As Compton students head back to school Monday, residents are expressing concern about a school board policy passed in July that allows campus police who pass an internal selection process to buy semi-automatic AR-15 rifles and carry them in their patrol car trunks while on duty.
"This is our objective — save lives, bottom line," Compton Unified Police Chief William Wu told the board.
Wu argued officers are woefully underequipped in the event of a terrorist attack or mass shooting, in which shooters increasingly wear body armor, which is not penetrable with standard firearms. He cited a recent FBI study that found that roughly 5 percent of mass shooters have worn such armor. Wu said that while assault-style rifles are more deadly, they're also more accurate.
"Handguns you'd be lucky to hit accurately at 25 yards," Wu said. "With a rifle in the hands of a trained person, you can be go 50, 100 yards accurately."
But some community members are upset about the policy, questioning the utility of having such high-powered firearms in the hands of school police officers.
"The school police has been very notorious in the community and in reality has never had to shoot anyone before," said Francisco Orozco, a recent Dominguez High School graduate and founder of the Compton Democratic Club. "So this escalation of weapons we feel is very unnecessary."
Orozco said the police could better focus on day-to-day security concerns on campus, rather than arming themselves for a worst-case scenario. He also pointed to a lawsuit filed last year by parents in the district, alleging racial profiling by Compton school police officers — as well as recent allegations by students of excessive force — as evidence of a rift between the department and the community.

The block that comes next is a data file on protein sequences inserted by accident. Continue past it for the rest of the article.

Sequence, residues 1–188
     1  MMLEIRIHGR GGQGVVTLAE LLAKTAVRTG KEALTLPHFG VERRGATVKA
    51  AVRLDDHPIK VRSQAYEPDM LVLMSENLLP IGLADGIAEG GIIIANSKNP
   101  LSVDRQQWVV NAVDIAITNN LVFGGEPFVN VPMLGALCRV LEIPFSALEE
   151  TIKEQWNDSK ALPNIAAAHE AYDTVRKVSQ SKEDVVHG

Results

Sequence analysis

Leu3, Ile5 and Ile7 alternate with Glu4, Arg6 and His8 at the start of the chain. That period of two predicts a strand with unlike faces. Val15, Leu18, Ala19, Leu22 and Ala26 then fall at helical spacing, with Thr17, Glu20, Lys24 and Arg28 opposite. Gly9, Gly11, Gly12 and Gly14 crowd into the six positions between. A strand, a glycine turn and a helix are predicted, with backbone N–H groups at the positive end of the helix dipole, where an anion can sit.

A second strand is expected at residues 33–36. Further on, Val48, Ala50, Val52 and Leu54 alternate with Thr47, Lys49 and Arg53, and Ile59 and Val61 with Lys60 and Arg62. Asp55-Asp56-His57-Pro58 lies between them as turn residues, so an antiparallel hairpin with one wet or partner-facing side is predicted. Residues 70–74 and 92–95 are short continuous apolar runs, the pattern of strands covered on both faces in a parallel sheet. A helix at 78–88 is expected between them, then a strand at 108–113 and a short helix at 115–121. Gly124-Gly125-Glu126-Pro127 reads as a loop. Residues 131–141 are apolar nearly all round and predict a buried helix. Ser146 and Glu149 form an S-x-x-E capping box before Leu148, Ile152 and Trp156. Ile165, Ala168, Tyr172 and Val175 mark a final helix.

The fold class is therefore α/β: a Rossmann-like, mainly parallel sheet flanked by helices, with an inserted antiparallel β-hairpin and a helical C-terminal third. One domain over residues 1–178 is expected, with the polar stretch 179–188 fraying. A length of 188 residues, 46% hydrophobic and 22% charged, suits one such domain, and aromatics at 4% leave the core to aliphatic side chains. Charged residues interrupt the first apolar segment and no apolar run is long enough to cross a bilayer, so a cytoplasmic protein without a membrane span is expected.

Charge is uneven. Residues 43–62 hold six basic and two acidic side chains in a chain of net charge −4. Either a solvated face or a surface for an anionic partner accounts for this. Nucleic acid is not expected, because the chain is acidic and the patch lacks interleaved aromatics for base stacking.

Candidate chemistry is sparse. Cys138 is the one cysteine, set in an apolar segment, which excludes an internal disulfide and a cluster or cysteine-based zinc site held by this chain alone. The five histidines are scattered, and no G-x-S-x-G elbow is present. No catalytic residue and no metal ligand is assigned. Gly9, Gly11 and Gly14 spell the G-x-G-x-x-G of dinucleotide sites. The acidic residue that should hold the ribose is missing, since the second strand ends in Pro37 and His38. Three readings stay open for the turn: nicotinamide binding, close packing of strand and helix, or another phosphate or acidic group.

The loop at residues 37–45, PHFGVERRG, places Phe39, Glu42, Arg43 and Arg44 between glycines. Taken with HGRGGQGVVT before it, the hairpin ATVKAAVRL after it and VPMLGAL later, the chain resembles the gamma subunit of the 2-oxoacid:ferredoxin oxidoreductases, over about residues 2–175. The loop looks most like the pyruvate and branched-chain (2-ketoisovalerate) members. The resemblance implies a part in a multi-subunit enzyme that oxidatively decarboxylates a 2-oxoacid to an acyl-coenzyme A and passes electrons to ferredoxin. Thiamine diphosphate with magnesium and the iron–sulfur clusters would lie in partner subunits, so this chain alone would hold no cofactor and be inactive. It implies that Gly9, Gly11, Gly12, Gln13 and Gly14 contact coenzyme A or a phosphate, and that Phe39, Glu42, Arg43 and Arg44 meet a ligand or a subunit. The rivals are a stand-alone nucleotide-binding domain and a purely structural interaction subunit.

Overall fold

"The school police has not even earned the right to carry handguns," Orozco said.
Wu said he trusts his officers and said they do not engage in racial profiling. He also said his door is open to hear complaints from the community.
Joe Grubbs, president of the California Association of School Resource Officers said outfitting school police and local police who patrol campuses with rifles is becoming more common.
"This is not an assault rifle; it's a tool," Grubbs said. (The AR-15s in question would be semi-automatic, meaning they fire one shot per trigger pull, and not fully automatic, which would fire several shots with a single trigger pull.)
Grubbs said he's not familiar with the Compton Unified Police Department, but any potential trust issues with the community would not change his opinion that the rifles are a good idea.
"If there's an issue with Compton and how Unified School Police are engaging with the community, that should not affect their availability to tools that can save kids," Grubbs said.
Wu said the program will likely have select officers trained and carrying such guns in their cars in the next month.
This story has been modified to clarify the nature of the assault weapons in question.